A new book tracing the history of Indians who lived and worked in Shanghai in the middle of the 19th century could rekindle interest in a mostly forgotten chapter of ties between India and China.
The bilingual book, ‘Stray Birds On The Huangpu: A History Of Indians In Shanghai’, will be released this month. An anthology of 25 write-ups by 21 authors mostly from India, China, the US and Taiwan, the book trains an eye on the lives a disparate group of Indians led in Shanghai from around the time of the first Opium War in 1839.
“The Huangpu is the river that flows through Shanghai, it is the reason for Shanghai, the city’s liquid heart. For centuries, the river is how people reached and left the city, and we thought it the perfect symbol,” said Mishi Saran, a Hong Kong-based Indian author who has lived in Shanghai and is the author of the book, ‘Chasing The Monk’s Shadow: A Journey In The Footsteps of Xuanzang’.
The number of Indians living in Shanghai was possibly at its peak in 1936, according to records of the city’s municipal authority, which put the number at around 3,000. They were a mix of burly Sikh policemen and busy businessmen mostly from the Sindhi, Parsi and Bohra communities.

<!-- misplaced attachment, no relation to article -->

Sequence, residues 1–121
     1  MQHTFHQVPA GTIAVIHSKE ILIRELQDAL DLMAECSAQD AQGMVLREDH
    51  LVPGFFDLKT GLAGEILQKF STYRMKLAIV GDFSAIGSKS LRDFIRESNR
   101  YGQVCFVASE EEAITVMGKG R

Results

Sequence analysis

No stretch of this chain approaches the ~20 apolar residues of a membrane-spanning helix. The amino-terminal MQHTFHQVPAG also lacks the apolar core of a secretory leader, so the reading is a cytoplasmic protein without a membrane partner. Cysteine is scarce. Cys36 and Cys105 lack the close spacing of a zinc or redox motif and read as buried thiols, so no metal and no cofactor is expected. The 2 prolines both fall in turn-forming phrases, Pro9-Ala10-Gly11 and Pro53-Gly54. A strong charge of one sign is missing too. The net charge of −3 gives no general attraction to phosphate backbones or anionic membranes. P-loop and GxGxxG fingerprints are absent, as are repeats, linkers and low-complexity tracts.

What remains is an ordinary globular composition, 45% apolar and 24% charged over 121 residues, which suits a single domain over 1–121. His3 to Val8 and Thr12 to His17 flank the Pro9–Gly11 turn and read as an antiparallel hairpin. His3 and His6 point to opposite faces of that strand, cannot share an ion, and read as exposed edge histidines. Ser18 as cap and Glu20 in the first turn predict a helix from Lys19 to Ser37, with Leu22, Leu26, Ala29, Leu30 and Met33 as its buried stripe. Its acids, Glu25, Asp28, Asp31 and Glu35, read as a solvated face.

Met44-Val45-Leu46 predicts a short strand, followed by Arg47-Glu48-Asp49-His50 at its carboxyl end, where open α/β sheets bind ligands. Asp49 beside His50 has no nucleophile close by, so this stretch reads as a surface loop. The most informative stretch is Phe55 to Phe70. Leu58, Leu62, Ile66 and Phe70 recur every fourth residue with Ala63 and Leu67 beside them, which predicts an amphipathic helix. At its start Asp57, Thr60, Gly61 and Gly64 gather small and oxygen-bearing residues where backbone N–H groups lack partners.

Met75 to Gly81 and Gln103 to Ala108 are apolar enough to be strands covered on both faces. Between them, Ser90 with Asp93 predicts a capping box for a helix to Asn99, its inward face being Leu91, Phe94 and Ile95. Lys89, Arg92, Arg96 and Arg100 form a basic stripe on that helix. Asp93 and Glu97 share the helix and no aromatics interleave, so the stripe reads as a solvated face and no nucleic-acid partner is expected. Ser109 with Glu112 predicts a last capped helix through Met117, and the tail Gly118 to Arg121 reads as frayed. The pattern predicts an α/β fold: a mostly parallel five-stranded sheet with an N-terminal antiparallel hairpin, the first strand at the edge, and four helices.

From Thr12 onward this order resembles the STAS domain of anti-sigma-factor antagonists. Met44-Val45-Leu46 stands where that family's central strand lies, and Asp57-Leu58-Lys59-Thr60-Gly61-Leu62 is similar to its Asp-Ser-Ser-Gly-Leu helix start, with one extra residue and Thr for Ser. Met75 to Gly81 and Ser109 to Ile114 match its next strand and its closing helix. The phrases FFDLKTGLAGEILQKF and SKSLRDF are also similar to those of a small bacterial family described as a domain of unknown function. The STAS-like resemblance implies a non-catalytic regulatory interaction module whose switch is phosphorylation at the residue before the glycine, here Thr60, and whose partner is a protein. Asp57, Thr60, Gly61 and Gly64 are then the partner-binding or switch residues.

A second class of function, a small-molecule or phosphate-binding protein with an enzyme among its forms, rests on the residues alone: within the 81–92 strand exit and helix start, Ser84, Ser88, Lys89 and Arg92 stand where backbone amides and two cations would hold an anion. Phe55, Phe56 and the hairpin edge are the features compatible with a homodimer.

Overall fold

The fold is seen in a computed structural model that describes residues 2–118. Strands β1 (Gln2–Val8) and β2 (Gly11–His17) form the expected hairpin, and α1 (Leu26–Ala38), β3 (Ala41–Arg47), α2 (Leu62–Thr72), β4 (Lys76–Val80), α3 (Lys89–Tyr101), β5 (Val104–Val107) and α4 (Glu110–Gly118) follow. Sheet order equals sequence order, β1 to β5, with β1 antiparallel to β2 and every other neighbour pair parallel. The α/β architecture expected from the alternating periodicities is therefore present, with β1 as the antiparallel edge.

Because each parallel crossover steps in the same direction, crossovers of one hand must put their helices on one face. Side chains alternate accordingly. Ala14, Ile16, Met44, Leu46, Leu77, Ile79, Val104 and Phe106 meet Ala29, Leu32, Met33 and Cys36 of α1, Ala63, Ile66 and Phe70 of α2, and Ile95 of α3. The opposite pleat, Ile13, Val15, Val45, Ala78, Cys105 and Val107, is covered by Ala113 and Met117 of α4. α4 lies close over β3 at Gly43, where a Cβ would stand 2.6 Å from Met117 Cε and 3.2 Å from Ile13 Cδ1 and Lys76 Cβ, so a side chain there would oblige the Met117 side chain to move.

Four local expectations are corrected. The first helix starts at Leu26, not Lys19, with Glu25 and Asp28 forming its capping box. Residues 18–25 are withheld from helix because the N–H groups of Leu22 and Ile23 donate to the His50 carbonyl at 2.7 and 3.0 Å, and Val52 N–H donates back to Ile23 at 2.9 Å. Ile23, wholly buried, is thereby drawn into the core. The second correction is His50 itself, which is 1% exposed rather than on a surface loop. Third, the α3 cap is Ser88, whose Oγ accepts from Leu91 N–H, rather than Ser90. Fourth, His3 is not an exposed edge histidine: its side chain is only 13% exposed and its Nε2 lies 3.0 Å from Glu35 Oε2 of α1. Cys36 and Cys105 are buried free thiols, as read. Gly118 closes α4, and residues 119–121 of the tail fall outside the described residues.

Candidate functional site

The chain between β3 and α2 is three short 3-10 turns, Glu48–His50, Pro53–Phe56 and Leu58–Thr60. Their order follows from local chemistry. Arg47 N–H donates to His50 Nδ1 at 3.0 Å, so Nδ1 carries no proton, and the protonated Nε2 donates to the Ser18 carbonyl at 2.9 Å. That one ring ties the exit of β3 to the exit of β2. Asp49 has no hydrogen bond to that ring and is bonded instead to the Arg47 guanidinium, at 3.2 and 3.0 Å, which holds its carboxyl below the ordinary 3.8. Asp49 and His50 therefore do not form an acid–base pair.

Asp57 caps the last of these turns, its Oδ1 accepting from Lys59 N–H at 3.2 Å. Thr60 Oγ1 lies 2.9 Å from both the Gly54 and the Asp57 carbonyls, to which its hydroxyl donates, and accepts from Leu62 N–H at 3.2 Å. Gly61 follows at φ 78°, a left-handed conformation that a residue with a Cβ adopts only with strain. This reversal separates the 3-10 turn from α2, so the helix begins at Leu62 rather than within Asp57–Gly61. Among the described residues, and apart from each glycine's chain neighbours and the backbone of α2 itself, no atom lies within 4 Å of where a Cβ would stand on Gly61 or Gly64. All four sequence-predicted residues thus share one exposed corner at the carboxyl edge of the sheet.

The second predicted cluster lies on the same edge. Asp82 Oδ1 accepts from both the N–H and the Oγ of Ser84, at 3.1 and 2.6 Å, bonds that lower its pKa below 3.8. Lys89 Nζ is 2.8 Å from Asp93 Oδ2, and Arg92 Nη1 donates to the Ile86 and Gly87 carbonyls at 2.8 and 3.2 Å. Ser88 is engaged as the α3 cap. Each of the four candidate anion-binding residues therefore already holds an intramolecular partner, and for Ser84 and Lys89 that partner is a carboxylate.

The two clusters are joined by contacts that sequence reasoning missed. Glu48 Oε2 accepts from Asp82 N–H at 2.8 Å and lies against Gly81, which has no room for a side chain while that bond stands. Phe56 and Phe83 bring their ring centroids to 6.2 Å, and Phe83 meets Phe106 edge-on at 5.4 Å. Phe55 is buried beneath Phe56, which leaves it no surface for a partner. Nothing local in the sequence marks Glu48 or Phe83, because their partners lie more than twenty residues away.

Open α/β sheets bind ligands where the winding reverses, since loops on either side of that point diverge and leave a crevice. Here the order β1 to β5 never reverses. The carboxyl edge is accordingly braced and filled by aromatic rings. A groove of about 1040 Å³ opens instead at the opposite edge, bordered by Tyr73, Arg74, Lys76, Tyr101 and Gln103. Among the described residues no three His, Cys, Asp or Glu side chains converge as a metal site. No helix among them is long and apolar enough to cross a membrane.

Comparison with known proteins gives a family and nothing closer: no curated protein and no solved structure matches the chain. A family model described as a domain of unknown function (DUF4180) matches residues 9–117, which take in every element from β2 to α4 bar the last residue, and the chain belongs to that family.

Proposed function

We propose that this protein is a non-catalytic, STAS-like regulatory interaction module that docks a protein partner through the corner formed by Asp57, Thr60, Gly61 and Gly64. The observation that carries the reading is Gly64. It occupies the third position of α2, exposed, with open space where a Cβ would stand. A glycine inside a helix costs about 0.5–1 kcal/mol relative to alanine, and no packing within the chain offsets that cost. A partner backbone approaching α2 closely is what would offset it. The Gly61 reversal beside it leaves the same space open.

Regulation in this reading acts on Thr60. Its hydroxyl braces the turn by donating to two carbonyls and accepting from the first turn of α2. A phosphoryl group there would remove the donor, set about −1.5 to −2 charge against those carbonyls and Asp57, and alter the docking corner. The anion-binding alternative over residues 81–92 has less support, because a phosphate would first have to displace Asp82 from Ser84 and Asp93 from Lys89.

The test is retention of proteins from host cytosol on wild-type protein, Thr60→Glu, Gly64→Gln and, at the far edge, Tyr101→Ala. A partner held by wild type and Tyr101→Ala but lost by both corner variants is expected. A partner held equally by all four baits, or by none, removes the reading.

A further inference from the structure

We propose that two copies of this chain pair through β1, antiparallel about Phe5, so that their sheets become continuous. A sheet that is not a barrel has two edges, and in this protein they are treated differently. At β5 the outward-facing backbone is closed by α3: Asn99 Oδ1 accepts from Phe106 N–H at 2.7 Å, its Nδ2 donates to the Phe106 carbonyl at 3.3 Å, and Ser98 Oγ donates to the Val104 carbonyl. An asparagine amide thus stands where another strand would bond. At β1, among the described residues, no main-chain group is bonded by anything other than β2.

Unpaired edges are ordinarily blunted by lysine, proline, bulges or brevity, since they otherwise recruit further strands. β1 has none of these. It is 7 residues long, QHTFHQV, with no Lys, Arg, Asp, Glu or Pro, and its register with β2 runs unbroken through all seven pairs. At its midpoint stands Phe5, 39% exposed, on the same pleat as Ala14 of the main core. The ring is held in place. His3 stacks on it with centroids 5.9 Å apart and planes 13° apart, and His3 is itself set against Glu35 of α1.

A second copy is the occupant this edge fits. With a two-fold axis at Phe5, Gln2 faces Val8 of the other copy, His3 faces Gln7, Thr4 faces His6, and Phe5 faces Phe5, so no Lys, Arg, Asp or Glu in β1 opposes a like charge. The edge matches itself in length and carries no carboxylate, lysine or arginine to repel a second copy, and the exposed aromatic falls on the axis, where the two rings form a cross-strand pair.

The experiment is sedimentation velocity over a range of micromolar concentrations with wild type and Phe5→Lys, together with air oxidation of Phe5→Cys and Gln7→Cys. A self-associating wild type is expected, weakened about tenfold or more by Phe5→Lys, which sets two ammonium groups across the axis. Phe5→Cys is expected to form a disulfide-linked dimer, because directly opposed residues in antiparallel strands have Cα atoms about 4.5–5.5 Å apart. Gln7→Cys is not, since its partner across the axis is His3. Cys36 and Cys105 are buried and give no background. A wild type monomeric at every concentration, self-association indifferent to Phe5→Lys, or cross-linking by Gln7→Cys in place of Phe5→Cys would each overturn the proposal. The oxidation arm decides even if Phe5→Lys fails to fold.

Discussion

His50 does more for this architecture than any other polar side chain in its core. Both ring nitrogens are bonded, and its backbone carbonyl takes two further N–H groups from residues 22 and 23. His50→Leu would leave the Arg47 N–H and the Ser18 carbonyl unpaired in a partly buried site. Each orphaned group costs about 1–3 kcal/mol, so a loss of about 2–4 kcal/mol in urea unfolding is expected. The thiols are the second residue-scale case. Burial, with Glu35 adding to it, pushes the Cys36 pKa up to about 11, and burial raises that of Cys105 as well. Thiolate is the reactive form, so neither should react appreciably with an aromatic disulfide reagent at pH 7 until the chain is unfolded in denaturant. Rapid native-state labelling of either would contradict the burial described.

The same records show 700 to 800 Sikh policemen were on duty in Shanghai at the time, said Zhang Ke, professor of history at Fudan University, who edited the book along with Saran. “Today there are two kinds of remains: gurdwaras and houses built by successful Parsi businessmen,” Zhang said.
The book project was floated by the Indian consulate in Shanghai and the city’s Indian association approached Zhang in July 2017 to be a part of it. It helped that Zhang was researching China-India cultural ties in modern times.
“Indians played a very active role in the city life of Shanghai,” he said, adding the Parsis and Jews from Mumbai and Gujarat were successful businessmen and were influential. The book covers nearly 180 years of India-China history from the Opium Wars to the present day.
“It showcases a select bouquet of Shanghai-centric stories, aiming for selective depth rather than all-encompassing breadth. My favourite way to know Shanghai is through the stories of the people who walked its streets. As the book reveals, there were plenty of people of all stripes who came from India and did just that,” said Saran.
For many, reading the book could become one way of knowing how some Indians lived and made Shanghai their home so many years ago.
First Published: Aug 02, 2018 07:44 IST